Earlier this week, Israeli Prime Minister Netanyahu held his first meeting with Pope Francis, the leader of the worldwide Catholic Church. The discussions focused on the Israeli-Palestinian peace process, the civil war in Syria, Israeli worries about the Iranian nuclear program, the welfare of Christians in Israel, as well as the Pope’s expected visit to the Holy Land in 2014.

Later this month, Israel and the Holy See will conduct another round of negotiations for an agreement that will establish the legal and economic status of the Church’s institutions in Israel. According to press releases, the last round of negotiation was successful and the parties expect an agreement soon, after 18 years of negotiations. Although this agreement could be highly beneficial for Israel, I argue that Jerusalem needs to think of its legal ramifications and involve the Israeli parliament in the process.

Throughout history, one cannot think of two religions that had a more agonized and complicated relationship than Judaism and Catholic Christianity. Relations between the religions have been always characterized by sharp fluctuations due to geo-political and theological changes.

According to the orthodox perception of the Roman Catholic Church, the Jews were stray atheists, who refused to recognize Jesus as the messiah. Moreover, the perception was that the Jews were sinners and they were to blame for the crucifixion and death of Jesus. Jews were considered a cultural group, which does not enjoy the right of self-determination or the right to an independent state. However, in the past seventy years, there has been a change and the Roman Catholic Church stopped resisting the creation of the State of Israel.

In 1993, Israel established diplomatic relations with the Holy See, the Episcopal jurisdiction of the Roman Catholic Church. The Fundamental Agreement between the Holy See and the State of Israel, which established the diplomatic relationship, declared that the parties should normalize their relations and negotiate a comprehensive agreement, containing solutions for disputed issues concerning property, economic and fiscal matters relating to the Catholic Church generally, or to specific Catholic Communities or institutions.

The negotiations between the Holy See and Israel have been taking place since 1995. According to reports in the media, we can understand that the Holy See refuses to pay certain taxes and even in the past demanded granting tax exemptions for its institutions in Israel, such as churches, monasteries, cemeteries, schools, hospitals, small businesses and residential real estate. Despite the secretive nature of the talks, it seems that the main issues are which taxes and what is the degree of exemptions the institutions of the Catholic Church should enjoy. The parties need to decide whether the exemptions would be identical to the exemptions given to other religious institution in Israel and if the business operation of some of the Church’s institutions would be taxed.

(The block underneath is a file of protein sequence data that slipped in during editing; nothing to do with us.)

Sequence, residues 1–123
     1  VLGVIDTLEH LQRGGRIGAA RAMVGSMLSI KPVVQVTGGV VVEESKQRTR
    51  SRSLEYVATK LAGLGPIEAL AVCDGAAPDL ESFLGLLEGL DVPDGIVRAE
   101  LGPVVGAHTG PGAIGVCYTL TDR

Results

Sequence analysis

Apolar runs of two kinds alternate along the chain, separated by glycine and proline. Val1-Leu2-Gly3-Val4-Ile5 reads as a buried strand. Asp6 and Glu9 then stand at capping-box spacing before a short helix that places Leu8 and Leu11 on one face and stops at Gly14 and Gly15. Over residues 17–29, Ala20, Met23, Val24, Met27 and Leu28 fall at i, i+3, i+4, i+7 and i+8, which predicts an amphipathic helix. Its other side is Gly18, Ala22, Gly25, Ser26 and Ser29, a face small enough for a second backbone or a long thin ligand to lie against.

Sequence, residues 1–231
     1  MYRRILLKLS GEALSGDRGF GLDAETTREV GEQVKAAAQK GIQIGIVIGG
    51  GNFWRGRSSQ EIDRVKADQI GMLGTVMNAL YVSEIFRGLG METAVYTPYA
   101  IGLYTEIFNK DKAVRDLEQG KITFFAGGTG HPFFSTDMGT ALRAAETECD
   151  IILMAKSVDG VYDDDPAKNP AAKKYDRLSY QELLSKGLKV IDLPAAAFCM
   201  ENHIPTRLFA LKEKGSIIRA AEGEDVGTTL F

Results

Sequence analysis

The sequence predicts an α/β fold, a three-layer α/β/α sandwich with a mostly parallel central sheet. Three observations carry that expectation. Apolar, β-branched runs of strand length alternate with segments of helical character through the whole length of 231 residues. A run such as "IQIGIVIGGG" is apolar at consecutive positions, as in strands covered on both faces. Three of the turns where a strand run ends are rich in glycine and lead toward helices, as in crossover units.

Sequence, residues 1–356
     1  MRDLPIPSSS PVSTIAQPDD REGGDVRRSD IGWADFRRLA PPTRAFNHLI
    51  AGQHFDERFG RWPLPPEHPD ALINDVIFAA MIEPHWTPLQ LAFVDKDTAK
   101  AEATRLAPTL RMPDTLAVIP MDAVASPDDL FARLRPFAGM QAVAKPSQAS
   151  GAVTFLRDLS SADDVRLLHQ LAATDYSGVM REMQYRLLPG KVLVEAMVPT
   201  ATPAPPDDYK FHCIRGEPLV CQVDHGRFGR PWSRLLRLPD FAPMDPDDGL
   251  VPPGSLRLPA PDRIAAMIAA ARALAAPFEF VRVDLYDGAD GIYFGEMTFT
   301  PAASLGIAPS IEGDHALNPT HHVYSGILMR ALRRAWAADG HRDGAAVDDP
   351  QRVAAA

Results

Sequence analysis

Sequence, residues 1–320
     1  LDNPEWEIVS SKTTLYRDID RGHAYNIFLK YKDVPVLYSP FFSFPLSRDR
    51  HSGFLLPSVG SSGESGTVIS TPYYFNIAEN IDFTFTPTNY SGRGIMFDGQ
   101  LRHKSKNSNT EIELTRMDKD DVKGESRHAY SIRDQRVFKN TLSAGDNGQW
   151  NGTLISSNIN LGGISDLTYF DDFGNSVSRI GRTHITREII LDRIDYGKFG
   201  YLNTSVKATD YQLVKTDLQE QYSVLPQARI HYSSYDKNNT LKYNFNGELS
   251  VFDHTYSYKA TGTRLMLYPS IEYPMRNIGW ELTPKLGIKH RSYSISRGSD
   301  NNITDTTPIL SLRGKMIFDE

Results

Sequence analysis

When Catholic Christianity is the official religion of the country or if the Roman Catholic Church constitutes an important factor in the development of the nation, the Church’s institution are given unique benefits: for instance, in Spain, the Church is receiving direct funding in the yearly budget and Spanish citizens can dedicate some of their income tax to the Roman Catholic Church. In Peru, the Church enjoys exclusive exemptions and the state funds Catholic priests.

On the other hand, the Catholic Church does not get special treatment in the United Kingdom and in the United States. Generally, in those countries charitable organizations are eligible for set of relieves and exemptions from taxation, but unrelated business activities are not exempted.

In recent years, the question whether to tax the properties of the Holy See is being raised in the United States and even in Italy, which has had a special relationship with the Catholic Church since January 313, when the Roman emperors adopted Christianity. In a surprising move in January 2013, the Italian government made a historic change in the 2013 tax code and decided the Roman Catholic Church will no longer be exempt from property taxes.

Israel has granted tax relieves and exemptions when it wished to bolster its relations with multilateral organizations, such as the U.N. or IMF, or when it wanted to strengthen its scientific research. Similar political and economical considerations could be relevant when pondering whether to give tax exemptions to the Holy See.

A fiscal agreement with the Holy See could be extremely beneficial for Jerusalem; a comprehensive agreement which protects the rights of the Catholic Church and the Christian pilgrims in Israel could enlist the support of the Christian world of 2.1 billion people, and specifically the support of the Catholic world of 1.66 billion people. This support could assist Israel in advancing its ideas and positions in the international community.

Moreover, a fiscal agreement that protects the Catholic Church’s property and holy places could prove to the Holy See that under Israeli sovereignty the Church’s interests are protected. This may incentivize the Holy See to object the ideas of turning Jerusalem into a city controlled by the United Nations.